ROTC students might vote differently this election season
Judging from the tone of political T-shirts, buttons and bumper stickers around campus — not to mention the Oct. 20 straw poll — it seems most USF students have a preferred presidential candidate come Election Day — Sen. Barack Obama.
Though USF students — along with their collegiatepeers across the country — tend to favor the Democratic candidate, it’s unclear whether support of Obama extends to every demographic on campus, particularly Reserve Officer Training Corps (ROTC) students.
Members of the armed forces tend to favor the GOP candidate, said Susan MacManus, professor and political analyst. But in this election, she said, it’s possible this tendency is changing among service members and ROTC participants alike.
An exit poll in The New York Times showed that 36 percent of people with military experience are voting for presidential candidate John McCain. And when it comes to ROTC voters, according to the University of Delaware’s student newspaper, an Associated Press-Edwin Media Research exit poll found that these students bring a variety of opinions to the polls.
This array of allegiances is apparent in USF’s ROTC students.
Ann-Marie Annicelli, an Air Force ROTC participant and senior majoring in international studies, said she plans to vote for Obama — but not for military reasons.
Annicelli said her decision is based on her international studies coursework and where that will carry her in terms of future jobs. She said Obama is moving in the same direction her education is taking her, and that she agrees with Obama’s call for dialogue with controversial foreign leaders. Annicelli said she would one day like to be a part of these dialogues.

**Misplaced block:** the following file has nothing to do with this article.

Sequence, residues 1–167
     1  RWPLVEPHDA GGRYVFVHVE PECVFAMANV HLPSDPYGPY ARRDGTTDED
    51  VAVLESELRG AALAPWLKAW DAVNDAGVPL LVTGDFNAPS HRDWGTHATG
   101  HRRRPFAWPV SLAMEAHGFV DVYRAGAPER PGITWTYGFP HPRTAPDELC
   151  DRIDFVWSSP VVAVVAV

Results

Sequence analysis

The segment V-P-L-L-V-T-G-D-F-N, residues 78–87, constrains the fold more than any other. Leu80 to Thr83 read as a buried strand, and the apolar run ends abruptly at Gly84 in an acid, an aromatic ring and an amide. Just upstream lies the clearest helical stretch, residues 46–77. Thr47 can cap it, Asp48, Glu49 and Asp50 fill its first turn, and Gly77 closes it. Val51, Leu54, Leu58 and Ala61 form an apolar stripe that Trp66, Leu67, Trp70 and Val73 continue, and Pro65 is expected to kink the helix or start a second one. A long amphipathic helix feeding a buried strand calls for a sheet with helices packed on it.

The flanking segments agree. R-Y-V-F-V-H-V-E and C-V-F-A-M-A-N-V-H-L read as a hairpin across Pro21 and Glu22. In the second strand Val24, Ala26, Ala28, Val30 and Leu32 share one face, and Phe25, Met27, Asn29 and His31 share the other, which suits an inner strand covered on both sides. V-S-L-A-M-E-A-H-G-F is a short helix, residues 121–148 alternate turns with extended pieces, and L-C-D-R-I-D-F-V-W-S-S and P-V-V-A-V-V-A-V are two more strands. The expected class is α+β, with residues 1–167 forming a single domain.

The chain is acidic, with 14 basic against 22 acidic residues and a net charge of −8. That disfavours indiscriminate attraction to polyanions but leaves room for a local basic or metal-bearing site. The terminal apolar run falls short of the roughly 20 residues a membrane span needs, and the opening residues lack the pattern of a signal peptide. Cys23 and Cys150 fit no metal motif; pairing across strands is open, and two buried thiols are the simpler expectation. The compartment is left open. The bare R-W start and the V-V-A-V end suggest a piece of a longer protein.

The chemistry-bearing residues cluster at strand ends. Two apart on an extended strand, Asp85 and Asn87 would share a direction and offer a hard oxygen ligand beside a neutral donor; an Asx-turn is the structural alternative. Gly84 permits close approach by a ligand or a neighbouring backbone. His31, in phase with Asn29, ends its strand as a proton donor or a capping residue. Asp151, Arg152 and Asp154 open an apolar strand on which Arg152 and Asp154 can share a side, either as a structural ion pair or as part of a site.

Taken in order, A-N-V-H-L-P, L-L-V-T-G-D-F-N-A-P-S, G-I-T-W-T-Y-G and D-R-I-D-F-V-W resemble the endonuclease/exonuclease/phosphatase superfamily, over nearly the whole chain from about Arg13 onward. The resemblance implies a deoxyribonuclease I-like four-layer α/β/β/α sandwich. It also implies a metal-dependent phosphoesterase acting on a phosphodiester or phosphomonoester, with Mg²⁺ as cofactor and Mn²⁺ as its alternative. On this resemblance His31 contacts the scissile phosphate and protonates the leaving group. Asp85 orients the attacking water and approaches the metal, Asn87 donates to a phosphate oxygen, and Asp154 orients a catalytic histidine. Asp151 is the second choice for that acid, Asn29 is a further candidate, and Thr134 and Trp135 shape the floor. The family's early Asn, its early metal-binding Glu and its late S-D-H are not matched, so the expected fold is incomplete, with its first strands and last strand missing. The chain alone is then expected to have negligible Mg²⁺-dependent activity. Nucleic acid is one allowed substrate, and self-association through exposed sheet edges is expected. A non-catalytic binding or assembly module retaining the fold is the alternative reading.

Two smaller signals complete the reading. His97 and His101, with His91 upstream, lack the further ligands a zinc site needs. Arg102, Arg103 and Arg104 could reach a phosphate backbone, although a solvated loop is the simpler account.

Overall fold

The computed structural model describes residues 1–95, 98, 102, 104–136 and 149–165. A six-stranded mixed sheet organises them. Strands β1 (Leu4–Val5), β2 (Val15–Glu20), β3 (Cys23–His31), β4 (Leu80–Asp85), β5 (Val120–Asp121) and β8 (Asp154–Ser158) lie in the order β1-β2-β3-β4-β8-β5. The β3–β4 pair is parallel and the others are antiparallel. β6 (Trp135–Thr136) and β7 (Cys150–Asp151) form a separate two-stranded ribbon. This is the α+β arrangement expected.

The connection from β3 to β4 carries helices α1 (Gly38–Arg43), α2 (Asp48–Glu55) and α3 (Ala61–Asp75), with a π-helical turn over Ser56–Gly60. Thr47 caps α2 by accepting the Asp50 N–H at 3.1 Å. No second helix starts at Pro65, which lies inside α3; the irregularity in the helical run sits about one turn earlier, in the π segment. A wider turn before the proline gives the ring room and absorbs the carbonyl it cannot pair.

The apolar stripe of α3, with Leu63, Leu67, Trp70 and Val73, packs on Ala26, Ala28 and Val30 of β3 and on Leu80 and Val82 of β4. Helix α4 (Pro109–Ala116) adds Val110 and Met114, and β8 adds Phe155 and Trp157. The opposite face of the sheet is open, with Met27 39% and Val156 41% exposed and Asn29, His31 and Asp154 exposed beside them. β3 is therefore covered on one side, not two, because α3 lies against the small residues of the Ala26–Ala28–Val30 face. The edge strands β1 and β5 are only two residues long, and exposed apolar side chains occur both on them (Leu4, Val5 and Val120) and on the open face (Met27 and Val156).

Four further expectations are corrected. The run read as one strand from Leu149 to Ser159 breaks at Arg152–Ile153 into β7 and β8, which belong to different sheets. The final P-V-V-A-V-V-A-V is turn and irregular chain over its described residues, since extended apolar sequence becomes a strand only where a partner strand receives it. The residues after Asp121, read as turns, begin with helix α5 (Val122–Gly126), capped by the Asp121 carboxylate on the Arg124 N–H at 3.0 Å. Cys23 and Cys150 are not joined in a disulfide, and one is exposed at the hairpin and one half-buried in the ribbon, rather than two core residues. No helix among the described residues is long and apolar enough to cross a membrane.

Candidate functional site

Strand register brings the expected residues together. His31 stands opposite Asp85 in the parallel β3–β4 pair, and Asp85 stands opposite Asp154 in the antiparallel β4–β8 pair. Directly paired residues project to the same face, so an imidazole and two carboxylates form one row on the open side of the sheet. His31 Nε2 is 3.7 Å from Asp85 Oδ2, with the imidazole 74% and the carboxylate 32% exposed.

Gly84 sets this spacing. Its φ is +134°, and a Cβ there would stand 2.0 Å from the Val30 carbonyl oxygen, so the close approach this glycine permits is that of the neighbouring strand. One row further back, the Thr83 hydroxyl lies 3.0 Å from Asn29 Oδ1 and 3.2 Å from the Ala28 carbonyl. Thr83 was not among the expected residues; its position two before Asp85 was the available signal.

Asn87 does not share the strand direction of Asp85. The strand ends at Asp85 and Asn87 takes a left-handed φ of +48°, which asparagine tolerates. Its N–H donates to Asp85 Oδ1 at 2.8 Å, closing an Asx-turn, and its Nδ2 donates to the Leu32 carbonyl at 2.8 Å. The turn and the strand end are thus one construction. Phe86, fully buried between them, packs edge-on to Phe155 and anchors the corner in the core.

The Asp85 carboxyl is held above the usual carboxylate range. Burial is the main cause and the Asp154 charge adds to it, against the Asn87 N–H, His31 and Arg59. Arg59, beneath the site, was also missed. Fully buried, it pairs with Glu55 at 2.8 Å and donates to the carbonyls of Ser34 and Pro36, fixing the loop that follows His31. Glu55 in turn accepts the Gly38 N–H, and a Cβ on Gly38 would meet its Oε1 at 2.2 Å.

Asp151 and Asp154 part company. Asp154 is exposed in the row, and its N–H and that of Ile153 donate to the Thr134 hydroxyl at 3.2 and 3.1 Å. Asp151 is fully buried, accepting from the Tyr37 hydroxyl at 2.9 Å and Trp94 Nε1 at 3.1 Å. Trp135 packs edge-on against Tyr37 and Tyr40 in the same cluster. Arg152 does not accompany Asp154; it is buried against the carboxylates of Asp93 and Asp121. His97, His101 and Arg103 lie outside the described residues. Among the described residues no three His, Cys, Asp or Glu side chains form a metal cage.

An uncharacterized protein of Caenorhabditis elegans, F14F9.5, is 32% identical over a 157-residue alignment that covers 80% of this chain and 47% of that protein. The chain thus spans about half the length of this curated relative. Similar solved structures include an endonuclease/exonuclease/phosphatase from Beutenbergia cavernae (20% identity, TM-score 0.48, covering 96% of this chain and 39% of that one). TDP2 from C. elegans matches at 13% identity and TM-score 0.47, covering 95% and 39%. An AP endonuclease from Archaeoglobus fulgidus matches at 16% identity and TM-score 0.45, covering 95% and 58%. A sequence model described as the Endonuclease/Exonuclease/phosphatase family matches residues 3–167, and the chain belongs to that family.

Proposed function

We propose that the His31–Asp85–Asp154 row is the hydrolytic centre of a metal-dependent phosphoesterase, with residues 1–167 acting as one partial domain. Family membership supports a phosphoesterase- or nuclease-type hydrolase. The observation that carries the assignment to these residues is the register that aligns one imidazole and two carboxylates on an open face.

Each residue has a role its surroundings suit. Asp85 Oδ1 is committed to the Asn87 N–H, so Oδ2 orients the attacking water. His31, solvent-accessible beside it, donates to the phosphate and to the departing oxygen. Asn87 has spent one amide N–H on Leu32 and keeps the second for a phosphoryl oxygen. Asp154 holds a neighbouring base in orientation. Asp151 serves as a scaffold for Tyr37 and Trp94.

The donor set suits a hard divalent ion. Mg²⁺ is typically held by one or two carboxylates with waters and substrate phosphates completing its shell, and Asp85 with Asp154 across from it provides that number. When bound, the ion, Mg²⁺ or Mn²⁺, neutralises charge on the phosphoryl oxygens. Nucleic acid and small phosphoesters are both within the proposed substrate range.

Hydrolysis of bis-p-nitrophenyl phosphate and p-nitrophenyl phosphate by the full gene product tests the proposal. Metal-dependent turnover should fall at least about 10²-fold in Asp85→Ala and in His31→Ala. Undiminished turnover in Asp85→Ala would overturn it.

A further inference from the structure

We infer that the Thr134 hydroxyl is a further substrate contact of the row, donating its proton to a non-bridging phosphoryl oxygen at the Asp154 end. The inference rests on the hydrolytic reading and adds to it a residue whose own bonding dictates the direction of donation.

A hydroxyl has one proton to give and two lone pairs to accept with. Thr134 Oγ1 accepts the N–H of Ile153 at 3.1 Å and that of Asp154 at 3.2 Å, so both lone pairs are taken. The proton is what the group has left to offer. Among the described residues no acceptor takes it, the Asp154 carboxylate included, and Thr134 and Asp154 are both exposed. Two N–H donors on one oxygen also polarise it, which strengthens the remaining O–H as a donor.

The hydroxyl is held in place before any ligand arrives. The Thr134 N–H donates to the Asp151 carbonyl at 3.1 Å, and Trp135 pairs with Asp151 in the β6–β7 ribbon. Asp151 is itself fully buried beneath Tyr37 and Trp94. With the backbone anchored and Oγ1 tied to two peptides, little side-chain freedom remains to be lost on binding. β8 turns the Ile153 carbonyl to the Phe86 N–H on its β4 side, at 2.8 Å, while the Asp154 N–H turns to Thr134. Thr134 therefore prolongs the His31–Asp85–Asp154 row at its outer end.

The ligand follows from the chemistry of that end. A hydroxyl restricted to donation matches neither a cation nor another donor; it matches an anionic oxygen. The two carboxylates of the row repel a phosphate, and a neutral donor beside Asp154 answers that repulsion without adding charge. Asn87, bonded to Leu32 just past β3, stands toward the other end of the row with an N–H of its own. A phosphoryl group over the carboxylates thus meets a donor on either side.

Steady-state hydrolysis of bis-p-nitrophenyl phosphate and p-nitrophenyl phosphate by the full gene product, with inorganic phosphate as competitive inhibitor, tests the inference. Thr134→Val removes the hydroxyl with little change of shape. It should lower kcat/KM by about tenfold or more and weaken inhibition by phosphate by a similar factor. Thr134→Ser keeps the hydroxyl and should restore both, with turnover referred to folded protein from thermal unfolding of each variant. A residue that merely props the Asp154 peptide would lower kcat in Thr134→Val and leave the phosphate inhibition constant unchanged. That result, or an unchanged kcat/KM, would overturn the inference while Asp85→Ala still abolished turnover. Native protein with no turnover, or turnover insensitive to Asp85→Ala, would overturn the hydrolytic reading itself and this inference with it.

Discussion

Thomas Mooney, a cadet in the Army ROTC and sophomore majoring in history and philosophy, said that diplomacy affects how those in the military vote. He plans on voting for Obama.
“If the current military voting trends are a reflection of fact, I think it is representative of how the military feels about the position we’ve been placed in, insofar as international affairs,” Mooney said.
Mooney — who said that in most ways he is a “rather fierce Independent” — said he is considering voting for Obama because he does not like what he sees as negative campaigning by McCain.
“I think our political system would be better off if it went beyond the negativity and pointless attacks used by both sides,” he said.
MacManus said it’s common for Americans — ROTC or civilian — to vote based on how they feel about a candidate as opposed to specific issues.
Annicelli, who spent five years in Iraq, also said that veterans and ROTC students might not have drastically different views on issues, as she is both a veteran and ROTC herself.
“In any kind of group — veteran or not — there will be a variety of opinions,” said Annicelli, “In my opinion, it does not matter if they are a veteran or not — what matters is how one interprets their services,” she said.
MacManus said there are several reasons for differences of opinion among the ROTC students.
“Some suggest that the pattern may be changing this time because of the controversial war,” she said. “There are longer tours of active duty military in Iraq and Afghanistan. This has meant that some families are rethinking voting Republican.”